Tulsa library users aren’t that different from those in New York City. They love children’s books.
As part of the 125-year anniversary celebration of the New York Public Library, the institution went on a deep dive to find the top 10 most checked-out items in its history.
The most-sought book was “The Snowy Day” by Ezra Jack Keats. It’s an award-winning children’s book published in 1962 featuring a boy’s experience with snow.
Several others also fit into the youth and children’s genres.
In order, the other ever-popular titles are “The Cat in the Hat” by Dr. Seuss, “1984” by George Orwell, “Where the Wild Things Are” by Maurice Sendak, “To Kill a Mockingbird” by Harper Lee, “Charlotte’s Web” by E.B. White, “Fahrenheit 451” by Ray Bradbury, “How to Win Friends and Influence People” by Dale Carnegie, “Harry Potter and the Sorcerer’s Stone” by J.K. Rowling and “The Very Hungry Caterpillar” by Eric Carle.
The Tulsa City-County Library doesn’t have a quick or easy way to determine its all-time favorites but has a centurylong history.
The library was founded in the basement of the courthouse in 1904, but a Carnegie grant led to its first stand-alone building in 1913 with 1,000 items. It expanded into a county system in 1955.
Today, it has 25 branches with more than 1.7 million materials.
Through those decades, records have been moved or lost. Some may not have been digitized for simple research.
But library officials said they could start a search from 2016 to the present to find the most check-out items.
Only one — the No. 1 item — is an adult book: “Killers of the Flower Moon” by David Grann.
That makes sense considering it’s a nonfiction bestseller and award winner about how the Osage Nation was terrorized by murderers and grifters during the 1920s oil boom. It is being made into a movie on location in Osage County by Academy Award-winning director Martin Scorsese starring Leonardo DiCaprio.
Five items among the top 20 are DVDs of popular movies such as “Hidden Figures” and “La La Land.”
After that, it’s the Mo Willems show.
Of the top 20 items, 14 are titles from children’s author Mo Willems, known for his brightly illustrated books on characters The Pigeon, Knuffle Bunny and Elephant and Piggie.
Through an email to his agent, Willems sent his gratitude.
“For a novel to be a success, people have to enjoy it after they’ve read it once, but for a picture book or early reader to work, people have to enjoy it after they’ve read it a thousand times. It’s my job to try to create stories that are re-readable and re-playable,” Willems stated.
“How flattering and heartwarming to learn that Tulsa are re-readers. When I am astounded, I usually say ‘Banana!’ So, let me just end by saying, ‘Banana! Banana! Banana!’”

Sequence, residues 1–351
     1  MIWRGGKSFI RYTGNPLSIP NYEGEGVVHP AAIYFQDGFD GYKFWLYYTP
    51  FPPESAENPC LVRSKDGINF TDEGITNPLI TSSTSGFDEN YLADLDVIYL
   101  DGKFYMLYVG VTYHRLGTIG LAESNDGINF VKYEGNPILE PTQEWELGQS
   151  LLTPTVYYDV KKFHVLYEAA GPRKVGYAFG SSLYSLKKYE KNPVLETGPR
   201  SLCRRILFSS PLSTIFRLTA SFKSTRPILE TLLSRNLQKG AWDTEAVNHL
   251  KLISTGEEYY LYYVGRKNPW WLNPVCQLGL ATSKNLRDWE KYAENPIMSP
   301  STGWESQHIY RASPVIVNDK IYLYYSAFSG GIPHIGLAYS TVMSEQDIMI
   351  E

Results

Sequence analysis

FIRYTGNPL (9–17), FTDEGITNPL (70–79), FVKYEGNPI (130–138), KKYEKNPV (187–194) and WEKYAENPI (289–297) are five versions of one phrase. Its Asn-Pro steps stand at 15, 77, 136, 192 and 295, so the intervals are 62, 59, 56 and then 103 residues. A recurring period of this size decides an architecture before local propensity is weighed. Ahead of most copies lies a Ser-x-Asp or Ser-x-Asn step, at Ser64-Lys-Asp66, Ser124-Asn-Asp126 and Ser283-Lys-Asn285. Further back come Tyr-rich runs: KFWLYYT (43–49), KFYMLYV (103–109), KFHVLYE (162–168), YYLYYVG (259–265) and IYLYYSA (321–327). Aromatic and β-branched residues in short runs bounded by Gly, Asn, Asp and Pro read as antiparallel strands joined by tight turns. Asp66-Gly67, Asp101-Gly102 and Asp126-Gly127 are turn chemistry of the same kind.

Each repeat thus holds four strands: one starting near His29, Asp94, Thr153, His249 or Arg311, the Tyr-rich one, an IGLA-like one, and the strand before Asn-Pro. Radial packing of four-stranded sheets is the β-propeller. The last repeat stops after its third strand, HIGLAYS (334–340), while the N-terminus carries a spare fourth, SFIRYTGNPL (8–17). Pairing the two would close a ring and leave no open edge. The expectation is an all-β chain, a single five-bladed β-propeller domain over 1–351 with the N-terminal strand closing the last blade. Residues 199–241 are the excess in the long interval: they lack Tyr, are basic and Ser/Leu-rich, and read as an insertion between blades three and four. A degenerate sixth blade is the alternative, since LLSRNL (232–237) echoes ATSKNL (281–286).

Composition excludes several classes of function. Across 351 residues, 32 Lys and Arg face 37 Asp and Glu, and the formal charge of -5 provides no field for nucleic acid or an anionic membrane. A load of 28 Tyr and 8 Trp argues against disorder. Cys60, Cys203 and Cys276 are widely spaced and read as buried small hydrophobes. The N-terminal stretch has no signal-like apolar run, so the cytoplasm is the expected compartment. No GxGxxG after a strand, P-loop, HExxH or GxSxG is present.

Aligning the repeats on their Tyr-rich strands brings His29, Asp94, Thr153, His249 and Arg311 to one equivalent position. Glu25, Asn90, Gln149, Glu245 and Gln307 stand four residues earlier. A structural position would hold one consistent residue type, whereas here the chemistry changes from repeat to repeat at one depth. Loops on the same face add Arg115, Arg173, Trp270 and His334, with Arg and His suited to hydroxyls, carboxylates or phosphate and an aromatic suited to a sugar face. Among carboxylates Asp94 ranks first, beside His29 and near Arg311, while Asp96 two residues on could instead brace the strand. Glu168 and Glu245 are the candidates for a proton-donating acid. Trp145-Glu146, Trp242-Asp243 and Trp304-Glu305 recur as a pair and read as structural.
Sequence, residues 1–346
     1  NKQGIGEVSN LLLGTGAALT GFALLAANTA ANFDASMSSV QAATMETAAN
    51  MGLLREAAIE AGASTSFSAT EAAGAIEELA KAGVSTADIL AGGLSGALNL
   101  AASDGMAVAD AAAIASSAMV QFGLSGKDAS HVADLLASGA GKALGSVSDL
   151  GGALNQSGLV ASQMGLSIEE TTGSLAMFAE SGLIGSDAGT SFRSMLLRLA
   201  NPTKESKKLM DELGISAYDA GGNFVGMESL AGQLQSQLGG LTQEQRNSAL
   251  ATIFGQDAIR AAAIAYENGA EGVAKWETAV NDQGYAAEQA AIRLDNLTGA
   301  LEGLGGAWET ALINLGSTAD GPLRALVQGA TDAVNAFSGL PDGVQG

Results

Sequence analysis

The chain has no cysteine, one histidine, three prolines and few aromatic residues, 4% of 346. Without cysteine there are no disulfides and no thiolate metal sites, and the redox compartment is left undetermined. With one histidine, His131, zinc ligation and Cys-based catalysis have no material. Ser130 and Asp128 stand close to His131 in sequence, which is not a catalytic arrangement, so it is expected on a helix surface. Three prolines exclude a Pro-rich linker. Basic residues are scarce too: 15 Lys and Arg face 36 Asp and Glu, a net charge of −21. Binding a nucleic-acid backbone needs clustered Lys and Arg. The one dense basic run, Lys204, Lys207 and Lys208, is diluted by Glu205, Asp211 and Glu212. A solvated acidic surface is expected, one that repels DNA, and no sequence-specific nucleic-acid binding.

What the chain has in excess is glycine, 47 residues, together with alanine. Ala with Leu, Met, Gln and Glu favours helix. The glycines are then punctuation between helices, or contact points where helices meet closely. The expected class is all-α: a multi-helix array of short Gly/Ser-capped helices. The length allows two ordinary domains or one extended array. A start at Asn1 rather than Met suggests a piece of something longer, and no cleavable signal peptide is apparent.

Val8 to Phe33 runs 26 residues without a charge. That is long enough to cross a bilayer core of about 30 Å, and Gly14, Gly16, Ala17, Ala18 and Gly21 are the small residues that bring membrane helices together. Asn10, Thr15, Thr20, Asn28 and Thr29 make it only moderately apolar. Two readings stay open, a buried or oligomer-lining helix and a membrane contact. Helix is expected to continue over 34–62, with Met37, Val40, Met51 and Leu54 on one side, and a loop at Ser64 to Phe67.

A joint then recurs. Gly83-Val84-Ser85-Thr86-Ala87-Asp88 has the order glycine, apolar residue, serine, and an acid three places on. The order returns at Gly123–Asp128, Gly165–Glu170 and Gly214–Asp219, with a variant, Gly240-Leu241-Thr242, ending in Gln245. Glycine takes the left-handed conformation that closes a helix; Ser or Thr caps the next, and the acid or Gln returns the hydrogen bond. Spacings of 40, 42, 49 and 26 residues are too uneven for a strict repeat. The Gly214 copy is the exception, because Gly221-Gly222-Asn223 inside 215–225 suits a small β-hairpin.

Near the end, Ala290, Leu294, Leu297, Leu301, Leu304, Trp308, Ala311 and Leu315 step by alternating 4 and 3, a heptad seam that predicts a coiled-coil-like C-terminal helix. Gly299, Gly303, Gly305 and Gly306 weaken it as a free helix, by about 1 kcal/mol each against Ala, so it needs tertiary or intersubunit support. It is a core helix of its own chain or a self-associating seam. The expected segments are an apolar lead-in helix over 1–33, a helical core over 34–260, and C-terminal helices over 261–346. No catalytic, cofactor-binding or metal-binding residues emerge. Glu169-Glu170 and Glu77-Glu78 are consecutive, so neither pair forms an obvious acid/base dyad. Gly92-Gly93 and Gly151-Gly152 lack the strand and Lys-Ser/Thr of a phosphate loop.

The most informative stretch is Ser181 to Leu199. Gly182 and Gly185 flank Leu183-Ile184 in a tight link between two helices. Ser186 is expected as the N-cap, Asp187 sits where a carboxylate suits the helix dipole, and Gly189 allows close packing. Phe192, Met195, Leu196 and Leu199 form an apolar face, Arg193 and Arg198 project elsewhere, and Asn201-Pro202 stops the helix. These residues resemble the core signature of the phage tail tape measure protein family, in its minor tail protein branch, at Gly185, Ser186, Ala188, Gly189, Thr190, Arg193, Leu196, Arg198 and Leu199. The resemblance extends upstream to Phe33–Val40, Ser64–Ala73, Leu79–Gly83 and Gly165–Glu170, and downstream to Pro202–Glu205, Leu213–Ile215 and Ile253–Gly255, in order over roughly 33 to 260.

Willems was the featured artist at the Tulsa library’s 2012 “Books to Treasure” event.
Library spokeswoman Kiley Roberson said his books are “the equivalent of a Beatles concert” for elementary students. She said the library buys more copies of his titles to keep up with demand.
“So the success is a little mix of popularity coupled with quantity and availability,” Roberson said. “Either way, I think it speaks volumes to the way Tulsans use the library — as a place to inspire children and ignite a love of reading.”
None of this was news to Laura Raphael, the library’s children’s services coordinator, who is a fan.
“It does not surprise me at all that Mo Willems is so popular with Tulsa City-County Library readers,” Raphael said. “He is delightful for all ages. I defy anyone to read ‘Don’t Let the Pigeon Drive the Bus’ and not laugh or want to see Pigeon drive the bus, if just for a moment. His stories typically have a sweet, but never cloying, message, and the characters, despite mostly being animals, are pretty lovable.
“But more than that, Mo’s books are a perfect bridge for developing readers ready to go from straight picture books being read to them to attempting to read chapter books on their own.”
Raphael explained that Willems’ books are more than just entertainment.
“The familiar characters, the simple but colorful illustrations and the humor all help support reading growth. But what really clinches it is the conciseness of text and its meaning in the story,” she said. “The talk bubbles give context clues and act as scaffolding to help emerging readers understand what’s going on in the story.”
The endings of Willems’ books always have surprises or twists, which bring back young readers.
“The good news is that it makes these books excellent builders of fluency, which is a measure of reading success and makes reading more pleasurable,” Raphael said. “When a child can easily read a Mo Willems book because they have read it again and again, they are usually ready for something with a little more depth and complexity, because they have the confidence to try something new.”